Martha Heller is president of executive recruiting firm Heller Search Associates and author of The CIO Paradox. Follow her on Twitter:@marthaheller.

Read more about customer relationship management (crm) in CIO's Customer Relationship Management (CRM) Drilldown.

Join the newsletter!

Or

Sign up to gain exclusive access to email subscriptions, event invitations, competitions, giveaways, and much more.

Membership is free, and your security and privacy remain protected. View our privacy policy before signing up.

Error: Please check your email address.
Show Comments

Latest Videos

Conversations over a cuppa with CMO: Microsoft's Pip Arthur

​In this latest episode of our conversations over a cuppa with CMO, we catch up with the delightful Pip Arthur, Microsoft Australia's chief marketing officer and communications director, to talk about thinking differently, delivering on B2B connection in the crisis, brand purpose and marketing transformation.

More Videos

Great content and well explained. Everything you need to know about Digital Design, this article has got you covered. You may also check ...

Ryota Miyagi

Why the art of human-centred design has become a vital CX tool

Read more

Interested in virtual events? If you are looking for an amazing virtual booth, this is definitely worth checking https://virtualbooth.ad...

Cecille Pabon

Report: Covid effect sees digital events on the rise long-term

Read more

Thank you so much for sharing such an informative article. It’s really impressive.Click Here & Create Status and share with family

Sanwataram

Predictions: 14 digital marketing predictions for 2021

Read more

Nice!https://www.live-radio-onli...

OmiljeniRadio RadioStanice Uzi

Google+ and Blogger cozy up with new comment system

Read more

Awesome and well written article. The examples and elements are good and valuable for all brand identity designs. Speaking of awesome, ch...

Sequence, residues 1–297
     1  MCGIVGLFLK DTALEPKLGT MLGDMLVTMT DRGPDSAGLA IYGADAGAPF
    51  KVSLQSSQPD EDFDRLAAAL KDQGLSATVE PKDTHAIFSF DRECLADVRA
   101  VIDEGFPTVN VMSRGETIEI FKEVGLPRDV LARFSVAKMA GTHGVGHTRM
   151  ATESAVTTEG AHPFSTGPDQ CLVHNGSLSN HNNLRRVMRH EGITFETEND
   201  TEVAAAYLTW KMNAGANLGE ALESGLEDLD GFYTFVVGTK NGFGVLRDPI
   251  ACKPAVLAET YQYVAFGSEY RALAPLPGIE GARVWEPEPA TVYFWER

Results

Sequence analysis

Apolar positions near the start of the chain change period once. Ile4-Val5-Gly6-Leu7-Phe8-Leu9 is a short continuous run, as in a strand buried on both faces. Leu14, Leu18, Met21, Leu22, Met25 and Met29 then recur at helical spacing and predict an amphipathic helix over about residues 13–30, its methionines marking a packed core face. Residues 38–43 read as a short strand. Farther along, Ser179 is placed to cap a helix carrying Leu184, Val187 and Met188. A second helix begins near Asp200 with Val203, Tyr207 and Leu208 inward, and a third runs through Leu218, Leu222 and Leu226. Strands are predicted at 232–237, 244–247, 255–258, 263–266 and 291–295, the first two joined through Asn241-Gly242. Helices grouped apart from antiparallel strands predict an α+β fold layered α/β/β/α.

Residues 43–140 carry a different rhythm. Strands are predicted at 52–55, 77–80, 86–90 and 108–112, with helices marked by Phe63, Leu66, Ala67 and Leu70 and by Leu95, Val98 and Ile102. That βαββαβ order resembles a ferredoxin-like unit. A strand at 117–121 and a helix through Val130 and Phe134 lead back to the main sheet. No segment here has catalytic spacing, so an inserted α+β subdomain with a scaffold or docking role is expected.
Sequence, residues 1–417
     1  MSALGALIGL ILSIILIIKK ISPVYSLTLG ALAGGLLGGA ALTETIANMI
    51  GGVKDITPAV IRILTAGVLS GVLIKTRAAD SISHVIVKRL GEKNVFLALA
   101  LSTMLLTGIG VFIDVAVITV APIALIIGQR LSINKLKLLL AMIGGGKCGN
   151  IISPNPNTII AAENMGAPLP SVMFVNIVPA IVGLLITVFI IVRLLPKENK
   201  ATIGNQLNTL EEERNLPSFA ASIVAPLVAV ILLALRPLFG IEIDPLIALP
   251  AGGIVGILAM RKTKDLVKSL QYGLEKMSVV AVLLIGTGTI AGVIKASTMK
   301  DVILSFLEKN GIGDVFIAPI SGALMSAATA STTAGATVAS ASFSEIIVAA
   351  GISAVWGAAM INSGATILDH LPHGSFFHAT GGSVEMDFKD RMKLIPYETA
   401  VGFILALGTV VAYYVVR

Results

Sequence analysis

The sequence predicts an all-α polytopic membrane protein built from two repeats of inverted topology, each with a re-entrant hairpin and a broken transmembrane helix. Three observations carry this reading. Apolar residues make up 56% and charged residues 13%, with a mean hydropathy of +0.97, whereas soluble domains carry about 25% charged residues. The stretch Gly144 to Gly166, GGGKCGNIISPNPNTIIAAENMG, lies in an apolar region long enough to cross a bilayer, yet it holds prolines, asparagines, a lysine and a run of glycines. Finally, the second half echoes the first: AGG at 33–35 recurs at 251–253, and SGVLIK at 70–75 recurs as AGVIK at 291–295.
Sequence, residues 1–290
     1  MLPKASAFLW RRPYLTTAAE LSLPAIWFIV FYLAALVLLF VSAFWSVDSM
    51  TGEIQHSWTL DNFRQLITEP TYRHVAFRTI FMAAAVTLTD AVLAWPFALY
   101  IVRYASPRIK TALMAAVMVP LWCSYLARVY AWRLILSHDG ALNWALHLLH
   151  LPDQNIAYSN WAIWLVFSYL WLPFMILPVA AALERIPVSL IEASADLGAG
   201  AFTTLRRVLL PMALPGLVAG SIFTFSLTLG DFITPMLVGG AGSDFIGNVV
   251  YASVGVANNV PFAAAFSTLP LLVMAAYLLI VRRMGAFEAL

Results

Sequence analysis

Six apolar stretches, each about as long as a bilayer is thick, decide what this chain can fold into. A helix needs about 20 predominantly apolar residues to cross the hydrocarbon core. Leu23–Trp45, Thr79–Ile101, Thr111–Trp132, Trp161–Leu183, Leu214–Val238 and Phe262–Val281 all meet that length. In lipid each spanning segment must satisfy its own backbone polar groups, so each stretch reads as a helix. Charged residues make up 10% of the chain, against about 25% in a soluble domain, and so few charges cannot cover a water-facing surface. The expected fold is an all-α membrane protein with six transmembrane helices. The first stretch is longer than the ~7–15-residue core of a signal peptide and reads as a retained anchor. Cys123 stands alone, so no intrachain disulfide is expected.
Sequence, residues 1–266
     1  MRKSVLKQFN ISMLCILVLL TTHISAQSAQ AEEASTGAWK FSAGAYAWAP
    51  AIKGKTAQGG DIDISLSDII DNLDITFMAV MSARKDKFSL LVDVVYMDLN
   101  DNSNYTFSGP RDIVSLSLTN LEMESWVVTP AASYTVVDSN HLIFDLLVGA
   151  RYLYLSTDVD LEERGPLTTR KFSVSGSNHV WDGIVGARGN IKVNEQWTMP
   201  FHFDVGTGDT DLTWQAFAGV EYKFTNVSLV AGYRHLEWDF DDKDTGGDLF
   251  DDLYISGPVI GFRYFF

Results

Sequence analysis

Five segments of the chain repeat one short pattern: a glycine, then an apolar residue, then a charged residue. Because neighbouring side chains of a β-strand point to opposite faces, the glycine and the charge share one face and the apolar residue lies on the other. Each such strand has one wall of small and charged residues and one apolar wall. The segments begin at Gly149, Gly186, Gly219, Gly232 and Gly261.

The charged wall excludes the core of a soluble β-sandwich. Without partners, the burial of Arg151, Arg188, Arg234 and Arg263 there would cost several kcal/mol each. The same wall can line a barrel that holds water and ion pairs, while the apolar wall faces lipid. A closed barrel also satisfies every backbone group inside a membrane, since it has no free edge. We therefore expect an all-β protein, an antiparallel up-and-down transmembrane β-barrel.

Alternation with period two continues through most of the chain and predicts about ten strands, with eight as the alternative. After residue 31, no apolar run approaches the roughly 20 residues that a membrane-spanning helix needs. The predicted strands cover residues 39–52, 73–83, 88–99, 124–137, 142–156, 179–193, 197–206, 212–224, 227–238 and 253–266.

Ryota Miyagi

Why customer trust is more vital to brand survival than it's ever been

Read more

Blog Posts

A Brand for social justice

In 2020, brands did something they’d never done before: They spoke up about race.

Dipanjan Chatterjee and Xiaofeng Wang

VP and principal analyst and senior analyst, Forrester

Determining our Humanity

‘Business as unusual’ is a term my organisation has adopted to describe the professional aftermath of COVID-19 and the rest of the tragic events this year. Social distancing, perspex screens at counters and masks in all manner of situations have introduced us to a world we were never familiar with. But, as we keep being reminded, this is the new normal. This is the world we created. Yet we also have the opportunity to create something else.

Katja Forbes

Managing director of Designit, Australia and New Zealand

Should your business go back to the future?

In times of uncertainty, people gravitate towards the familiar. How can businesses capitalise on this to overcome the recessionary conditions brought on by COVID? Craig Flanders explains.

Craig Flanders

CEO, Spinach

Sign in